One of the most common fears for log homeowners is moldy or rotten wood. Both issues are caused by damp, humid environments, and both mold and wood rot can damage the wood of the home. While mold does not necessarily mean the wood has log rot, it does mean conditions are ripe for log rot, and permanent damage to the wood may not be far off. Learn more about the difference between mold and log rot, and how to prevent both on your log home.

The Difference Between Mold And Log Rot

Both mold and log rot are caused by a fungus, and both are found in damp, humid environments. However, the severity of wood rot is much worse than mold.

Mold is an umbrella term used to describe a wide variety of fungi that may grow on your log home. Some, like black mold, are more toxic to humans. However, while some types of molds may be less toxic, having mold growing in your home is never good. Mold can still cause health problems, as well as damage the wood in your home. Mold is often slimy, and can appear in a variety of colors, including black, white, green or orange.

Unlike mold, wood rot does not live on the surface of the log, but instead digests the wood it has infected. Wood rot looks more like decay throughout the log, where mold sits atop the log. When looking at potential wood rot, check if the damage goes below the surface of the wood, or if it has made the log soft. Press your finger into the log – if it feels soft or crumbles, the issue is wood rot, not mold.

Both mold and wood rot thrive in damp and humid environments. While mold is less serious than wood rot, the presence of mold can often be a sign that wood rot is soon to follow. If you spot mold in your home, don’t delay in treating both the symptoms and the cause – it may save the logs of your wood home!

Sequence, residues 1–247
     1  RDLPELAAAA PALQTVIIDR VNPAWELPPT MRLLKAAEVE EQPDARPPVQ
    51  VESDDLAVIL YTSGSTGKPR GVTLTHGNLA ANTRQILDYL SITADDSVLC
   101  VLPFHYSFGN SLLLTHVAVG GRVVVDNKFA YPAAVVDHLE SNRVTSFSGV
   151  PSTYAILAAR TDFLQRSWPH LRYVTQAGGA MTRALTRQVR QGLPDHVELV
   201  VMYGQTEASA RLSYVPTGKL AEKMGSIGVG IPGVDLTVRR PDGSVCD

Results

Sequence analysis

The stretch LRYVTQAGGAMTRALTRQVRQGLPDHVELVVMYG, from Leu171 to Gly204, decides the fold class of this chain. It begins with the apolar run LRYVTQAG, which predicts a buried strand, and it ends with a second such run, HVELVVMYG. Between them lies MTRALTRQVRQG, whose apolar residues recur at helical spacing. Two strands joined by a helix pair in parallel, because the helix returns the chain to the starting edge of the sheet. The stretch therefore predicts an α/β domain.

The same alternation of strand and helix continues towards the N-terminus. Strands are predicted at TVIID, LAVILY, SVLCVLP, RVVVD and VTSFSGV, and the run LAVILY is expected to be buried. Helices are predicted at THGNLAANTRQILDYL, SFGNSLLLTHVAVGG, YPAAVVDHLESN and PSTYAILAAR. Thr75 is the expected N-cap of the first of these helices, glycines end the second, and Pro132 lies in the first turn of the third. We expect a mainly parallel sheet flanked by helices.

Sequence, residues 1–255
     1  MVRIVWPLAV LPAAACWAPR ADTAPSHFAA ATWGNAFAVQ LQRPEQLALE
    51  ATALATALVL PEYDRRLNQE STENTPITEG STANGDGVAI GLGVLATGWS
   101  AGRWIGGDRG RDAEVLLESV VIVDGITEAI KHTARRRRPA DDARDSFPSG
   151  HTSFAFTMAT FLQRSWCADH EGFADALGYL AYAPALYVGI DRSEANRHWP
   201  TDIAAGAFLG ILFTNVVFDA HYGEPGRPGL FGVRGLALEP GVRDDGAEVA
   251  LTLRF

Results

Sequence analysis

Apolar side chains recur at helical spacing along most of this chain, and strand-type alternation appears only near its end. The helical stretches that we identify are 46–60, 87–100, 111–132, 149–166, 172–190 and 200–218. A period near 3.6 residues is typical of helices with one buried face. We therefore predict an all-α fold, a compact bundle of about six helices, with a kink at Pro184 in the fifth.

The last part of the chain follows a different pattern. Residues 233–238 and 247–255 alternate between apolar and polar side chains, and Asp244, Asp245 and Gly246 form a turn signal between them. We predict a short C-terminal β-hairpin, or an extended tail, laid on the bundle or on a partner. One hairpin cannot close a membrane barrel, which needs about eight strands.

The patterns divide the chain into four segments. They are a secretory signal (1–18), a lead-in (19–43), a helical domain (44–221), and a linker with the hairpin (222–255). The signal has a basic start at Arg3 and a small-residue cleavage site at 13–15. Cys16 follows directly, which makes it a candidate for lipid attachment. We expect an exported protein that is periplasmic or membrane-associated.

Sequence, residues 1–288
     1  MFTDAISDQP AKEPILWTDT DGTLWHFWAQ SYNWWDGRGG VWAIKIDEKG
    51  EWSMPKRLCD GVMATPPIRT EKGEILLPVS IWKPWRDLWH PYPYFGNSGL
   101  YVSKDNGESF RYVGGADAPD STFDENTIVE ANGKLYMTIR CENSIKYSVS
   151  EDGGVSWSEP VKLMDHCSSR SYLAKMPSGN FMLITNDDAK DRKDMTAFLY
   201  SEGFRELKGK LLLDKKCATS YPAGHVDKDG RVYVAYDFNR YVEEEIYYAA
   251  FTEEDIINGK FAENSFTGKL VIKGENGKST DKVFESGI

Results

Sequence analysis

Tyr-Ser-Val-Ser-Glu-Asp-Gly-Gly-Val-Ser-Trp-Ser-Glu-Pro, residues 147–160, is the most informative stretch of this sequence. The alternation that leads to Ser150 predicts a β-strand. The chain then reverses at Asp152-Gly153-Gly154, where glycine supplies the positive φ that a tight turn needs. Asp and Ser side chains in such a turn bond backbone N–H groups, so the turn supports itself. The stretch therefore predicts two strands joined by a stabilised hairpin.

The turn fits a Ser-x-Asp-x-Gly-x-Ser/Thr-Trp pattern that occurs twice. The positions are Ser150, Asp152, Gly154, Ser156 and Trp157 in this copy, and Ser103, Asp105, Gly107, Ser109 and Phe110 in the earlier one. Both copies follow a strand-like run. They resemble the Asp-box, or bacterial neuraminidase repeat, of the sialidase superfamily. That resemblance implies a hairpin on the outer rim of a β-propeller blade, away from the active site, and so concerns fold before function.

Treating Log Rot

Log rot needs four conditions to thrive – wood, oxygen, warmth and moisture. Fungi may grow on the log of your wood home, but if it does not have all four conditions, log rot will not take place. However, once log rot has started on the wood of your log home, the wood will need to be replaced. Rotted logs cannot be repaired. Once new wood is in place, consult your local wood coating specialists to find the right product to protect the wood in the future. This may include products such as borate and fungicides to protect the wood.

Preventing Wood Rot

The key to preventing both mold and rot in wood homes is to eliminate excessive moisture. While it is often impossible to completely eliminate moisture in a log home – after all, part of the logs have to make up the exterior – it is possible to minimize the environment in which rot would thrive.

  • Remove standing water - This includes any water that may puddle around the base of your home during a rainy season. Additionally, find ways to keep standing water off wood decks, such as adding overhangs or shelters.
  • Be mindful with landscaping - In general, plant shrubbery and trees several feet from your log home, so branches and leaves are not resting on the wood, as plants are often a source of water damage to wood.
  • Promote good airflow - Inside your home, ensure that rooms that may become damp, like bathrooms, have good airflow. Utilize fans, keeping doors and windows open when necessary.
  • Regularly maintain logs - Ensure that you regularly maintain the logs of your wood home, including resanding, staining or treating the wood when necessary to keep logs resistant to water.